Wheeler pointed out that the rise of the internet probably would have looked very different if the FCC didn't open up access to networking equipment in the '60s. He also related the tale of his own company, NABU, which provided high-speed cable internet during the '80s, but ultimately failed because it relied on getting access to networks from cable operators. Meanwhile AOL (which owns Engadget) managed to succeed because it was taking advantage of open phone networks -- despite being hundreds of times slower than NABU. "The phone network's openness did not happen by accident, but by FCC rule," he added.
While Wheeler was previously relying on a portion of the Telecommunications Act of 1996 centering on "commercial reasonableness" to maintain an open internet, he ultimately changed his mind because he was worried that ruling would protect companies more than consumers. "My proposal assures the rights of internet users to go where they want, when they want, and the rights of innovators to introduce new products without asking anyone's permission," Wheeler wrote. "All of this can be accomplished while encouraging investment in broadband networks."
The FCC's been facing plenty of pushback from cable providers and ISPs already, most of which are wary at the idea of additional regulatory scrutiny heaped upon them. Title II comes with plenty of stringent protocols, after all. Shortly after the announcement made its rounds, Information Technology and Innovation Foundation policy analyst Doug Brake said the following:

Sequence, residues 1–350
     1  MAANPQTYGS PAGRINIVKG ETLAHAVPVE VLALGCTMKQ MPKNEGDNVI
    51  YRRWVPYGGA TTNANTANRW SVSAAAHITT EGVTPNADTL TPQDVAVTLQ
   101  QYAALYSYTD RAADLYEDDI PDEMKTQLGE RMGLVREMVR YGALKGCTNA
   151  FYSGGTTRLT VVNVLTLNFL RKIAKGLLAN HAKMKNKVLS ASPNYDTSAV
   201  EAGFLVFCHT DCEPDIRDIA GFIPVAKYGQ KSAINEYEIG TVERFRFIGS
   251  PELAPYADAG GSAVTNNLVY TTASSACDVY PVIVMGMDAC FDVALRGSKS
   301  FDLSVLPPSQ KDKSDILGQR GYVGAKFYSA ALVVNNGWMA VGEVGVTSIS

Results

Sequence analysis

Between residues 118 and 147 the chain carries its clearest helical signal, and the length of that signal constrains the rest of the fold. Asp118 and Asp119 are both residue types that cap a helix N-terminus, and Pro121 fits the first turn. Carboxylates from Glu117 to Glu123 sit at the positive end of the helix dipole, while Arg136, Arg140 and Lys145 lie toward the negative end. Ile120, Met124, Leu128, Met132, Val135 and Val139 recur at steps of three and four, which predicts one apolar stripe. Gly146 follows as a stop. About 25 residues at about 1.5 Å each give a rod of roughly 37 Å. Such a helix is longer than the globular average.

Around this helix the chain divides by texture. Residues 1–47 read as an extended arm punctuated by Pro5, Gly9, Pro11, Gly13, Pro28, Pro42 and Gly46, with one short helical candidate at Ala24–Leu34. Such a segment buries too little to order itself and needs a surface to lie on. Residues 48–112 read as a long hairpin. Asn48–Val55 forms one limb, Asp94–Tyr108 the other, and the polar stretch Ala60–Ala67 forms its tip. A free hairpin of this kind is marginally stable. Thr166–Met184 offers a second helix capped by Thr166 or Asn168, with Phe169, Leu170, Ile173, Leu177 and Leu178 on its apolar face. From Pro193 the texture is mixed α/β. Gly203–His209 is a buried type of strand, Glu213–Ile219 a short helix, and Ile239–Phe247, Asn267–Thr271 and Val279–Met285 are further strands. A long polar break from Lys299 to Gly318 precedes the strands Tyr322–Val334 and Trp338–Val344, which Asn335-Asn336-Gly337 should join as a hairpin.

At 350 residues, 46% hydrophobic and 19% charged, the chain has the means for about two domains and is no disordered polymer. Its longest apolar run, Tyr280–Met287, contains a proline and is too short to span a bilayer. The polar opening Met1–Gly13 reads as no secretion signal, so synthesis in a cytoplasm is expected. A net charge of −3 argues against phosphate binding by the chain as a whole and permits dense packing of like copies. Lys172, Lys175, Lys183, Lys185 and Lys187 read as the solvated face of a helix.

Title II common carrier regulations represent a strong shift towards a European-style, precautionary regulation, over-regulating up-front without legitimate justification. This path will make it much harder to do pro-consumer network management, and is more likely to balkanize the Internet into distinct private networks and specialized services.
Of course, the reaction from net neutrality advocates (like US Senator Al Franken) consider things from a different angle:
This is a big victory. It's is a win for consumers, for small businesses trying to compete with the big guys, and for innovation," said Sen. Franken. "It's welcome news for all of us who have fought to keep the Internet free and open, and I'm so glad that the millions of Americans who spoke out in support of strong net neutrality rules have been heard.
The whooshing sound of the echo chamber won't die down any time soon, but the Commission has been doing its best to keep internet providers from freaking out too much by assuring it'll take a "light touch" approach to how it applies those policies. It'll apply provisions of Title II that allow for enhanced consumer protections and tighter controls against "unjust practices" and "discrimination," for instance, while legally ignoring ones that make other Title II companies subject to "tariffs or other form of rate approval, unbundling, or other forms of utility regulation". That process is called forbearance, and applying it intelligently will make all the difference.
The FCC's decision comes after President Obama called for the internet to be treated as a public utility back in November, a move that was swiftly criticized by ISPs (we wonder why). Last week, the agency also quadrupled the minimum speed for broadband to 25 Mbps (with upload speeds of 3 Mbps). These latest decisions by the FCC won't change the way your internet access works immediately, but it lays the groundwork for ISPs to provide faster service with fewer restrictions down the line.
Chris Velazco contributed to this report.
[Photo credit: Brendan Smialowski/AFP/Getty Images]